That said you make up for this with very good language and (as far as I can tell, since I'm not an expert on MS) well researched writing of the MC's disability.
Your language goes a bit over the top into the terrain of purple prose a few times in the beginning, but that improves noticeably very soon. An example is the very first line "The sounds of September went quiet as they watched the world fall..." Sounds can never actively go quite nor can they watch anything. The a few lines doown you use "graced by" two times in as many sentences which to me sounds very stilted... But as I said this is only an issue at the very beginning.
One thing that I personally think is unrealistic is that the best choice of school for your MC would be one in a country he doesn't even know the language of. Sure the US healthcare system is bad, but it can't be THAT bad, especially for someone for whom money doesn't appear to be an issue.
And then he not only learns the language for a month but he is also allowed to SKIP a class? I'm not sure... is there an in-story reason why you couldn't have simply made him a year older? It would have helped SoD a lot...
The thing with the chopsticks is a minor one, but he larned the language with a private tutor for months and was schooled in Japanese culture, but he never held chopsticks in his life? Never mind not being able to use them, but that's a bit hard to swallow.
Naomi widens her eyes,
Minor thing. I wouldn't normally point it out, but since there's nothing much else to point out: That's an unvoluntary reaction, so you'd usually say "her eyes widen".
“That’s right! Ethan, are you brave enough to defy social norms and say no to me asking if we can sit with you?”
Wow... I just tried to imagine how such a sentence might be phrased in Japanese and how someone new to the language could ever hope to make sense of that construction :-)

So... Apart from the few implausible bits I mentioned you're off to a good start. So far your OC does not look too Gary Stuish, and the implausible bits probably won't feature in future chapters too heavily.
Emi > Misha > Hanako > Lilly > Rin > Shizune

My collected KS-Fan Fictions: Mirage's Myths
griffon8 wrote:Kosher, just because sex is your answer to everything doesn't mean that sex is the answer to everything.
Sore wa himitsu desu.

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Re: Footprints in the Snow - An OC Fanfiction

Post by AwryZephyr » Tue Jul 30, 2019 6:32 pm

Thanks for your feedback, Mirage, it's really appreciated! In a sense, I think nitpicking is a good means to get a better story, ironing out the small details and all. Well, let's get started, shall we?
Second using an OC - worse a foreign OC - is usually considered a bad sign when a new author shows up here, and it makes Gary Stu alarms be armed all over...
Even though I knew this would be the case as soon as I started writing this story, it's still unfortunate. It's sad to think that it'll turn so many people away before they look at the story, even though I think that the stigma that its gained over the years its rightfully placed. That being said, without saying too much that would delve into spoilers, the fact that he's a foreigner is kind of essential for a certain part of the story. I could have just made him half foreign, but, seeing as Lilly's going to be playing a major part in the story, I tried my best to steer him away from just becoming a canon character knock-off. There's also another reason for it that I'll address in just a minute.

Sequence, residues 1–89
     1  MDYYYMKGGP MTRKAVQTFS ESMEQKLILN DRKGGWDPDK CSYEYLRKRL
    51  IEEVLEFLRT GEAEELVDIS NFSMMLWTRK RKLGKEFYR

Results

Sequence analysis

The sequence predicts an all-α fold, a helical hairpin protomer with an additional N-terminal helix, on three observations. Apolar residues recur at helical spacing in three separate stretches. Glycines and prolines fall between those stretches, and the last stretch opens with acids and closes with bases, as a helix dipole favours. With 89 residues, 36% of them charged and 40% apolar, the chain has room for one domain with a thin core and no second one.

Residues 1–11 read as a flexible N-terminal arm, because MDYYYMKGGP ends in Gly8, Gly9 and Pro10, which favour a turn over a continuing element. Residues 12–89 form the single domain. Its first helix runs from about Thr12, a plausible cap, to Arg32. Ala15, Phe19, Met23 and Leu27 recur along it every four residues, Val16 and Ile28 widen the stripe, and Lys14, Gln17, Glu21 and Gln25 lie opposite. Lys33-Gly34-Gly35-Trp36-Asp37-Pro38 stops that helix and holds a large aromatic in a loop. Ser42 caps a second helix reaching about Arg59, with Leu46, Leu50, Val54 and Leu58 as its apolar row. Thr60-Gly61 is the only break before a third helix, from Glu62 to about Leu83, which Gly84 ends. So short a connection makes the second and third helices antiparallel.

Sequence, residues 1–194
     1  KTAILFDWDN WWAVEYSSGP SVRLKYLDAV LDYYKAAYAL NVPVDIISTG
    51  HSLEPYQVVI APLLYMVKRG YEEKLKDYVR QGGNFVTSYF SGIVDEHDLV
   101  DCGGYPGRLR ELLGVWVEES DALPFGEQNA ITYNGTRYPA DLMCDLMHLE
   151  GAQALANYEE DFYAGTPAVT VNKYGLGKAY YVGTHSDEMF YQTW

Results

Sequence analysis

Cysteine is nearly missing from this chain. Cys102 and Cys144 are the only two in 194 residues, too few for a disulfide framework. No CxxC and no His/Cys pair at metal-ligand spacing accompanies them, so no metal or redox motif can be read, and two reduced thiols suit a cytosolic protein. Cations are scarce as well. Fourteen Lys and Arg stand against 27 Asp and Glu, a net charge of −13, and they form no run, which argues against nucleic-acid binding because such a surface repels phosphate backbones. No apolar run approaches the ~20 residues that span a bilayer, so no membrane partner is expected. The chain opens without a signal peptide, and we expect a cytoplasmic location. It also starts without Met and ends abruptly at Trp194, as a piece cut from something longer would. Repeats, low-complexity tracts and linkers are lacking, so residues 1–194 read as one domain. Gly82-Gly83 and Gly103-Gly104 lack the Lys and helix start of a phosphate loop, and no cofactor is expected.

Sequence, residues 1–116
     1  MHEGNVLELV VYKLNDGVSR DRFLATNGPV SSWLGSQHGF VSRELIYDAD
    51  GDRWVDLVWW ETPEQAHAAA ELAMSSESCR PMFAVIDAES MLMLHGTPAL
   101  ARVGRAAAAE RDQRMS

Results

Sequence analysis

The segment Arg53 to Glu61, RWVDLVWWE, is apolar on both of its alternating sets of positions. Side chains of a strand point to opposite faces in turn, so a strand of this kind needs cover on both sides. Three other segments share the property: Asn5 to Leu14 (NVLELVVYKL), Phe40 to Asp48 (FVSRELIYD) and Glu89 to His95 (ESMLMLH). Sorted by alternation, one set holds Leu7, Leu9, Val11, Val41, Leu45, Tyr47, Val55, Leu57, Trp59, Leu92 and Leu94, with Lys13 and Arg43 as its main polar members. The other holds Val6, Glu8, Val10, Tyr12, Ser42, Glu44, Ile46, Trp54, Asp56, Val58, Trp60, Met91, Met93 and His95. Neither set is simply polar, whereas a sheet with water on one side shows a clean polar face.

That said you make up for this with very good language and (as far as I can tell, since I'm not an expert on MS) well researched writing of the MC's disability.
While my understanding of it is far from perfect, it'd be a huge disservice to anyone suffering with MS if I didn't do as much research as I possibly could. The last thing I'd ever want to do is misrepresent a condition like that, even if this version of it is more severe than usual.
Your language goes a bit over the top into the terrain of purple prose a few times in the beginning, but that improves noticeably very soon. An example is the very first line "The sounds of September went quiet as they watched the world fall..." Sounds can never actively go quite nor can they watch anything. The a few lines down you use "graced by" two times in as many sentences which to me sounds very stilted... But as I said this is only an issue at the very beginning.
There's actually a very good reason for that, though that doesn't make it justifiable. I'm guilty in that half of the third person parts of the story were written about two years ago, before I understood what the importance of simplicity meant. At the time, they were a part of another story entirely that I never ended up posting anywhere. Eventually, I ended up reading back through it and, realizing that it was about the same as what I was going for with the character of this story, I figured that there'd be no sense in re-writing it. I know that it was faulty thinking, and it probably is a bit lazy, but I won't lie and give you any other reason.
One thing that I personally think is unrealistic is that the best choice of school for your MC would be one in a country he doesn't even know the language of. Sure the US healthcare system is bad, but it can't be THAT bad, especially for someone for whom money doesn't appear to be an issue.
Again, another totally valid point, though this time it's less due to my bouts of laziness. In this case, Yamaku's the only option for Ethan because, as a whole, he needs both 'round the clock medical observation and a school education. While it is true that a few alternatives exist within the US, none are as highly spoken of as Yamaku. Ethan's mom doesn't really have the time to constantly watch her son, though if I have to tell you here instead of in the story, it's my fault for bad story telling, something I'll have to improve on. In the end, though, in universe, Yamaku really does seem like it's the best of the best and, if you've got the money for it, why wouldn't you send him there? Of course, the reasoning isn't perfect, and this entire portion of your criticism is valid in that it's the same thing that pretty much all other foreigner fanfic stories deal with to varying levels of success. As I'd said before though, if it sounds like it's 'edgy oc' territory, I can see it too, and I wouldn't write it in if I didn't think it was absolutely integral to the plot.